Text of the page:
Key takeaways from today’s COVID-19 briefing:
- 11 more deaths; 479 total
- 4 new metrics show guidance for reopening
- Rate of new infections estimated below 1
- Abbott ID Now test accuracy questioned
- Raimondo responds to Narragansett Town Council
PROVIDENCE, R.I. (WPRI) — Another 11 people have died after contracting COVID-19 in Rhode Island, as Gov. Gina Raimondo on Friday offered a window into how she will measure whether it’s safe enough for the state to move into the next phase of her plan to reopen the economy.
The governor unveiled four metrics she said public health officials are monitoring during Phase 1 of the reopening plan, which started May 9, including hospital capacity, new hospitalizations, how quickly the disease is spreading and the doubling rate of hospitalizations.
The metrics together will help determine whether the reopening decisions are adversely affecting the health of Rhode Islanders and the state’s overall health care system, Raimondo said.
“We decided the four metrics taken together — we think — paint an accurate picture … of whether [COVID-19] continues to decline, plateau or increase,” Raimondo said during her daily briefing.
Raimondo said the four metrics would be monitored over roughly one-month periods, meaning Phase 2 isn’t likely to start until the beginning of June in Rhode Island. (Raimondo had previously indicated that the phases could come in two-week periods, but Friday she said that was a mistake.)
The new announcement about Phase 2 of the reopening came at the same time the R.I. Department of Health announced the 11 additional deaths, bringing the death toll to 479 in Rhode Island.
The Health Department also reported 203 more people have tested positive for the disease, bringing the total to 12,219 since March 1. More than 3,000 people also tested negative for the disease over the last day, for a daily positive rate of about 6%.
The number of people currently hospitalized increased slightly to total 272, representing a key metric public health officials will be watching during the reopening.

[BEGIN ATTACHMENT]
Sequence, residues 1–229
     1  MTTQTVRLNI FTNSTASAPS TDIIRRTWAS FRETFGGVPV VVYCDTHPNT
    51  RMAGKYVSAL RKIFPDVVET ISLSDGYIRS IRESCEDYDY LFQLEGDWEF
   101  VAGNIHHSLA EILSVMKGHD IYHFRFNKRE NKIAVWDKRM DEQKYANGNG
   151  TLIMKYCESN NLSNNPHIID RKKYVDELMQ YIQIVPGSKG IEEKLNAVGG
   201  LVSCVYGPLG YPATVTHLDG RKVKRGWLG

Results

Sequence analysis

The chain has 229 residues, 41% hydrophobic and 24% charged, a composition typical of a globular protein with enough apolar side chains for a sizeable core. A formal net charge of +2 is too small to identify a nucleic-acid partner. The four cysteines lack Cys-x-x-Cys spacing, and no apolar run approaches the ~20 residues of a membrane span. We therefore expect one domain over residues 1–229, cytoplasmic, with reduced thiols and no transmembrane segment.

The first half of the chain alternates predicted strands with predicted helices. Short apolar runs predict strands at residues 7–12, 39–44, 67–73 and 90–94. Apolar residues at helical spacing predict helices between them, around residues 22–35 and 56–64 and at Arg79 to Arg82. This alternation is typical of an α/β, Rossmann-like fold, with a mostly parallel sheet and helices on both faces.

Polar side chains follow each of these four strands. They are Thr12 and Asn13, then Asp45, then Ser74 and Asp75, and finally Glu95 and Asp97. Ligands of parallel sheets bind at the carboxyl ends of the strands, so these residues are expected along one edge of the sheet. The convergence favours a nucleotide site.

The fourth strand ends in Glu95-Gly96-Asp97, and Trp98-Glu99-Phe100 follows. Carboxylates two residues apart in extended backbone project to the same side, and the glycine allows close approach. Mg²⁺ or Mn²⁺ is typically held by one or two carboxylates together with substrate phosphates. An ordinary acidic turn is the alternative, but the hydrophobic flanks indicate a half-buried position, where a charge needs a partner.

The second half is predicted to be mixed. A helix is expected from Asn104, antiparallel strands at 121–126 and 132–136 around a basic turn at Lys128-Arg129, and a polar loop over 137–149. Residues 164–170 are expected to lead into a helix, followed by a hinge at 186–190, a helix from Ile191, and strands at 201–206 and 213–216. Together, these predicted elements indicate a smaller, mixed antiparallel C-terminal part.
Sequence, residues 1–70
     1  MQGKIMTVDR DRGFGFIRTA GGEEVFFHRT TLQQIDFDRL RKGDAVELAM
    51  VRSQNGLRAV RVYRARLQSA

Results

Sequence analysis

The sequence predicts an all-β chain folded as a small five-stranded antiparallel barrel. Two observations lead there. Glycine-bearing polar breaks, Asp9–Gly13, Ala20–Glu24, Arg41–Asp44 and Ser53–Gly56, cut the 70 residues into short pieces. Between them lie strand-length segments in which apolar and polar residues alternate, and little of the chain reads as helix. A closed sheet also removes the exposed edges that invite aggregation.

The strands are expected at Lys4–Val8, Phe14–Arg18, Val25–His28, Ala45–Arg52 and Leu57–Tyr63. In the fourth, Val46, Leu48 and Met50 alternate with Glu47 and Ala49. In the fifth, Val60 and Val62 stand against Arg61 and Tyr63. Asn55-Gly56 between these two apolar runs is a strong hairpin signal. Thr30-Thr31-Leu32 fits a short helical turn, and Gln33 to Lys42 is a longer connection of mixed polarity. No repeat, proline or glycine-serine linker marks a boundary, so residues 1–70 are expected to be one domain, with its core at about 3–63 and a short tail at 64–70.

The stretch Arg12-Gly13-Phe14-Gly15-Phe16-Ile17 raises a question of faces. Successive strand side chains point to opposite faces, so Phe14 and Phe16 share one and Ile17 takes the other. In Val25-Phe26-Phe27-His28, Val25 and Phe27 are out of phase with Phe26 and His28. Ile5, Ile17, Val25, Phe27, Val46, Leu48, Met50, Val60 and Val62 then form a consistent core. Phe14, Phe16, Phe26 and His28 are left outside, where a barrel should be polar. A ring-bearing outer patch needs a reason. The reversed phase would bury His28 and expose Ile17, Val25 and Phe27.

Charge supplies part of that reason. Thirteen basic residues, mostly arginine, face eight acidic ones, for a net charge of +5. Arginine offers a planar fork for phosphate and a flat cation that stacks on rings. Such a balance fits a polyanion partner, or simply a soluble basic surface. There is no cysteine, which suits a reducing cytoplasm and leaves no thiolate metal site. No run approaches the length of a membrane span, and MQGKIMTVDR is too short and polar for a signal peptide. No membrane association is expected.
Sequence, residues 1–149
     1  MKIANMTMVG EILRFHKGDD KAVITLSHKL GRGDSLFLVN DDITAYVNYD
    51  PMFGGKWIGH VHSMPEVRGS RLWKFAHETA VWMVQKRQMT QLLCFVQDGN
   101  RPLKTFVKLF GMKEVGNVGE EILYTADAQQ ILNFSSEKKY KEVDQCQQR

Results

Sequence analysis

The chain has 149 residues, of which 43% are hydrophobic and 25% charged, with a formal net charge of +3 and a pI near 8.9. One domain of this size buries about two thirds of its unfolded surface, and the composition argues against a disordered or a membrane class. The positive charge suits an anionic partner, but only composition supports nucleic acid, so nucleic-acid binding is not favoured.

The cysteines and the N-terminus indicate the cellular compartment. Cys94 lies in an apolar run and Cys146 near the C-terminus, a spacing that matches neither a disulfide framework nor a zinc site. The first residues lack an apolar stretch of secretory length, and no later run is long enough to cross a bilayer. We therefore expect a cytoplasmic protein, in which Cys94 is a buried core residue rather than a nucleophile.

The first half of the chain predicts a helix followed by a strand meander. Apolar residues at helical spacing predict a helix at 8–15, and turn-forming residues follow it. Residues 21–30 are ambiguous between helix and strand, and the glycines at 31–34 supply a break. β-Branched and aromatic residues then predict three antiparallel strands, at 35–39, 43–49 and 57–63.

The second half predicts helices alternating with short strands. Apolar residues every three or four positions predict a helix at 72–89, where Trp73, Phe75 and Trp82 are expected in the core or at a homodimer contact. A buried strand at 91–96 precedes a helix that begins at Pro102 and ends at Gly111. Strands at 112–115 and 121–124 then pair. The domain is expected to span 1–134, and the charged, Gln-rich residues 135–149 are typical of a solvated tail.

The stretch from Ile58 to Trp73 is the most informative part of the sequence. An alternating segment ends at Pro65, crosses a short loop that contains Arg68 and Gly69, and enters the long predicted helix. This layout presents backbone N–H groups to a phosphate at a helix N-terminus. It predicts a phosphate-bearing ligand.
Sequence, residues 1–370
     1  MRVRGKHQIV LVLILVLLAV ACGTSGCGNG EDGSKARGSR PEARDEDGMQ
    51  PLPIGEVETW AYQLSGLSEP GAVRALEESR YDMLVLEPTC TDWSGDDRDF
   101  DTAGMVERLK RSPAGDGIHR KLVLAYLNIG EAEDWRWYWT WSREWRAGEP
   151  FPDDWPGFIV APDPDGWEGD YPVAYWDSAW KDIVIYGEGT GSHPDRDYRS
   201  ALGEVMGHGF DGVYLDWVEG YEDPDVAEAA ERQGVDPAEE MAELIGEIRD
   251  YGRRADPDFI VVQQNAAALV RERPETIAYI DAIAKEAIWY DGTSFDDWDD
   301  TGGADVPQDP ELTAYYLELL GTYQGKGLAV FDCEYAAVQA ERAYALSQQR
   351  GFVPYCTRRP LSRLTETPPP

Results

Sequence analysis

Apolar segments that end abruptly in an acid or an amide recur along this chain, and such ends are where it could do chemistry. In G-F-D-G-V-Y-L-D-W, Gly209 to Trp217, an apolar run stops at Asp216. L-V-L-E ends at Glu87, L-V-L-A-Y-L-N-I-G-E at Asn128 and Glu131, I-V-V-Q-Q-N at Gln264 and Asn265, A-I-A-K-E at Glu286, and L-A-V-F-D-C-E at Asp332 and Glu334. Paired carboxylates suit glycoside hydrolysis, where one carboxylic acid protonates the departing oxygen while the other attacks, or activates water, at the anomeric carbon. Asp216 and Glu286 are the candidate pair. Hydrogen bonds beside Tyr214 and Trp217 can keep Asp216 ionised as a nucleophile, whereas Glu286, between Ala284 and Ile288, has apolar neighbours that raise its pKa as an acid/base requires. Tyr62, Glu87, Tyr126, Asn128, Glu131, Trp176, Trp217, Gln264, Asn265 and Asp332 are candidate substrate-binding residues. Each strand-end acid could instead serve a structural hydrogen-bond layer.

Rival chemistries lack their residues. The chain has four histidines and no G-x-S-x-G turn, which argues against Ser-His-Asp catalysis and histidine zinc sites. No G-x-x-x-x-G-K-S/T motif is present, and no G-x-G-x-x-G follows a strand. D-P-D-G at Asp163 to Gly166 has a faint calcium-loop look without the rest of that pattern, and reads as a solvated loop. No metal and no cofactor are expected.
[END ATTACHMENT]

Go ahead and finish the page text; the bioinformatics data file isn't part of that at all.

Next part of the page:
Currently, about 30% of the state’s hospital beds are filled with COVID-19 patients, according to Raimondo, who said keeping that number below 70% will be one of the determining factors when considering a move into Phase 2 of the reopening plan. If it moves above 85%, she said she will need to consider reversing course.
Raimondo said the state is also watching capacity in intensive care units, as COVID-19 patients are taking up about 20% of total ICU beds. There are currently 63 people in intensive care units, including 41 people on ventilators, according to the state.
“We want to be able to guarantee people have a hospital bed at any time,” Raimondo said.
Likewise, public health officials will monitor daily hospital admissions, which need to stay “consistently” below 30 per day for Raimondo to consider it safe enough to move into the next phase. While it’s not entirely clear what “consistently” means, the governor said they’re watching three- and seven-day averages.
If health officials start to see 50 or more new COVID-19 admissions each day, Raimondo said she’d consider moving backward in the reopening plan.
The state so far has only reported one day when hospital admissions exceeded 50 people, as the number has trended downward in recent weeks.
“If we’re seeing a spike in new hospitalizations, that’s a sign that something’s happening,” Raimondo said.
The third indicator Raimondo said health officials will monitor is the rate at which the disease is spreading from one infected person to another, a metric known as R0, pronounced “R-naught.”
Currently, the governor said Rhode Island’s R0 is less than one, which is good news because it means that not everyone who’s infected is giving the disease to someone else. Any R0 greater than 1 means each infected person on average is giving the disease to at least one other person.
“The simplest way to think about it is: how many people does one infected person infect?” Raimondo explained.
If the R0 value remains below 1.1 in Rhode Island, Raimondo said she will feel comfortable moving into the next phase of reopening. A rate greater than 1.3 will give public health officials reason to consider moving back a phase, she added.
The rate of spread, Raimondo added, is something that will remain low if Rhode Islanders continue to wash their hands, social distance and wear masks.
“The R value … is absolutely in our control,” Raimondo said. “If we get out there and start to get lazy, or lax, then we’ll start to get into trouble.”